It is a day that I’ll never forget. On March 16, 2020, a firmwide announcement like no other was sent out to all Gresham Smith employees. Our CEO, Al Pramuk, had made the call that, for our safety and well-being, our entire workforce would be working remotely, beginning immediately, due to the coronavirus threat.
Over the next few hours, staff across our 28 locations quickly gathered monitors, docking stations, and other equipment in preparation to work from home. Some of them would be doing so for the very first time.
The next morning found our offices largely empty. And just 16 hours after our CEO’s firmwide announcement, in what can only be described as a Herculean effort on behalf of the entire IT department, Gresham Smith staff were equipped to effectively work from their homes.
The road to making this unprecedented transition, however, took a lot longer than 16 hours. In fact, it was a few years in the making. In this post, I share the steps we took that have allowed us to remain connected and productive from our homes when we needed it most.
Laptops, VoIP & Redundancy
2012 seems like an awfully long time ago. It was the year that introduced the world to The Hunger Games and people were practicing their “Gangnam Style.” It was also the year that Gresham Smith decided to move to a 100% mobile workforce. It was about this time that laptops were starting to showcase capabilities that were on-par with the desktops of the day.
Two years later, our IT group worked to transition the final “holdouts” to laptops (not everybody wanted one!). Around the same time, we moved to Voice over IP (VoIP) as a platform for our voice communications. This process eliminated nearly all handsets from the firm, and our workforce transitioned to headsets. Most everybody wanted one of those.
We also eliminated approximately 18 PBX phone-switch system installations from our remote offices and combined all voice communications and voicemail into a single digital source. Previously, each of our office locations had their own voice circuits, voicemail and maintenance contracts for in-house equipment.
Existing on their own separate communications islands, our staff were unable to share voicemails or save them in any format aside from the phone switch itself. It sounds downright primitive by today’s standards!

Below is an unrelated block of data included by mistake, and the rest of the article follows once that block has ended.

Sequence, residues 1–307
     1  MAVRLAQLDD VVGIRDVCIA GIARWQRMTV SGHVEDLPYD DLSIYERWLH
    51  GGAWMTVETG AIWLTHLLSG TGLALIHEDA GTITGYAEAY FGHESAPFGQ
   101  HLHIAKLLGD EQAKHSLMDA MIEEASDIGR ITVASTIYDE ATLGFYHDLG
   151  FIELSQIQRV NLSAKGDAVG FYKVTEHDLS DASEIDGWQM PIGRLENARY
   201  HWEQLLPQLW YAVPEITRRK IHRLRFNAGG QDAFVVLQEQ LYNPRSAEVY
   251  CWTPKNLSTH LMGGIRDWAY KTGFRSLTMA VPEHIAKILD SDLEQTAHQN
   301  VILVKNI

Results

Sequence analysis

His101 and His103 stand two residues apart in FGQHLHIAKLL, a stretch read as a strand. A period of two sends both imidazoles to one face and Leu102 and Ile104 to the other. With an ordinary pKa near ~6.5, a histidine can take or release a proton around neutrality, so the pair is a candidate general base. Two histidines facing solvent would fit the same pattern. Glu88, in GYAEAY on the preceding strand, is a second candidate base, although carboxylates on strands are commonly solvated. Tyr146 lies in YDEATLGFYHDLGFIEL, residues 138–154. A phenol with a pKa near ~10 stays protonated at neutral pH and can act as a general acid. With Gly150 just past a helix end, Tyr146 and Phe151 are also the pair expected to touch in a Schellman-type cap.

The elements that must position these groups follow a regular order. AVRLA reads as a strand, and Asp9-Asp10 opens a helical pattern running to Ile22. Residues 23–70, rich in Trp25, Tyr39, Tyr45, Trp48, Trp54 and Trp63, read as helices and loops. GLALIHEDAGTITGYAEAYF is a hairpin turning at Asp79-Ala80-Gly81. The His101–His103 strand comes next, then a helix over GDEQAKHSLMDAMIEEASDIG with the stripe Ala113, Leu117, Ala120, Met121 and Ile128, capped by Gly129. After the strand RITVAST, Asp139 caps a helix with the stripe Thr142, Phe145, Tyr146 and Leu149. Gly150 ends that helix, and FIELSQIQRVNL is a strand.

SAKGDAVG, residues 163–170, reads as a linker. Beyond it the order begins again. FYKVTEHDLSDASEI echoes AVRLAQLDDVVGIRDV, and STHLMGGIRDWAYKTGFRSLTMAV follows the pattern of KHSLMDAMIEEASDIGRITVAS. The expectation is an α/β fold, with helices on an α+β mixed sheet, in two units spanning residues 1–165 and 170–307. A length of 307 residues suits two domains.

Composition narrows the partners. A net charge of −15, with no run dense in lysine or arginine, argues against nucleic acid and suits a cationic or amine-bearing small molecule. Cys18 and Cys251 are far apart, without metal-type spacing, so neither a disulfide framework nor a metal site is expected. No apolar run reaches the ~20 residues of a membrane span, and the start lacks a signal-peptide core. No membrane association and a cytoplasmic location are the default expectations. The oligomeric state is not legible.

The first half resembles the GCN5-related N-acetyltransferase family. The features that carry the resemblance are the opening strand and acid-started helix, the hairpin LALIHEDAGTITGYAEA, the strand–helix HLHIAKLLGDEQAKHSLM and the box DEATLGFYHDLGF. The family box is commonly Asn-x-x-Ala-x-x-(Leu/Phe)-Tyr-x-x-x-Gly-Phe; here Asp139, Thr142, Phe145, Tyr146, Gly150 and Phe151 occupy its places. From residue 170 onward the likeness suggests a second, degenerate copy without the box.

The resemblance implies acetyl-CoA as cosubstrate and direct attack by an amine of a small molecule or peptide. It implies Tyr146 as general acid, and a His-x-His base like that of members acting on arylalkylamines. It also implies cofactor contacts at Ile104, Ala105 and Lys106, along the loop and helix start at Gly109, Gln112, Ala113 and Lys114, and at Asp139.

Once our IT group simultaneously increased our data-circuit capacity to all of our offices, eliminating voice circuits, everything was able to ride on a single path back to our home office in Nashville.
Our next step on the timeline was to create redundancy so that our offices had a means of communication should their primary data circuits fail. We spent approximately 18 months installing or upgrading redundant data circuits in each of our office locations to promote internet connectivity.
This accomplished two vital tasks: It gave each office a way to carry internet traffic out locally and provided a way for us to have an automated failover—a process of automatically moving an application to a standby server during a failure—in the event the main data circuit stopped working.
Rethinking How We Work
Then came 2017 and a watershed moment in our firm’s history—the relocation of our Nashville home office from Union Street, which we had occupied since 1997, to downtown Nashville’s SoBro district and a brand-new mixed-use office tower designed by Gresham Smith. This major move to three floors and 75,000 square feet of office space provided the opportunity to rethink our approach to how we work.
We built out the new headquarters with the idea that our staff would be fully mobile and have the ability to collaborate from anywhere within our space. We overbuilt the wireless networking capabilities and installed massive data connectivity to our data center, which was relocated to a third-party location as part of the move.
We also reimagined the workspace, providing sit/stand desks, dual 24-inch monitors, and a dock to connect laptops, a keyboard and a mouse at every desk within the firm. For the first time, Gresham Smith employees could truly work from anywhere, yet have the experience of a familiar environment.
To finally cut the cord for our workforce, so to speak, we also reimagined how we approached production. Years earlier, we fully invested in the Autodesk production platform and decided to further solidify that commitment by utilizing Autodesk BIM 360 technology, which enabled our designers to work without having to utilize a central server model, which had been our “norm” for years.
With our BIM models live in the cloud, our employees were able to work on large 3D models while remaining untethered from the office.
Last, but by no means least, we rolled out all of the changes that had been piloted in our new Nashville HQ to the rest of our office locations. So, when the call came to go fully remote, we were well-prepared with infrastructure in place capable of providing an in-the-office experience—no matter where our staff were working.
Planning Ahead for a “Rainy” Day
We couldn’t have possibly known this over the years, but all along we had been building a robust and effective remote work structure that would deliver at a critical time. While many other firms were just starting to scale up to handle the coronavirus crisis, we were already working without interruption, staying on production schedule timelines and providing uninterrupted service to our clients.
And that reminds me of the old Winston Churchill quote that my father used to drum into me: “Let our advance worrying become advance thinking and planning.” I am so glad that we did.